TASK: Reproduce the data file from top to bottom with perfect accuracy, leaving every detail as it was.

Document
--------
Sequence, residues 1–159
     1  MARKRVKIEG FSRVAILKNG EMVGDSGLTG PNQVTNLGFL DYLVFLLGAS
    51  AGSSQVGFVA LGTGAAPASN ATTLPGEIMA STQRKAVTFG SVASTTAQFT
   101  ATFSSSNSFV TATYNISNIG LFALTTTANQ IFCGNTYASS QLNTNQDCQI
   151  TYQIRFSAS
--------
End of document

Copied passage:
Sequence, residues 1–159
     1  MARKRVKIEG FSRVAILKNG EMVGDSGLTG PNQVTNLGFL DYLVFLLGAS
    51  AGSSQVGFVA LGTGAAPASN ATTLPGEIMA STQRKAVTFG SVASTTAQFT
   101  ATFSSSNSFV TATYNISNIG LFALTTTANQ IFCGNTYASS QLNTNQDCQI
   151  TYQIRFSAS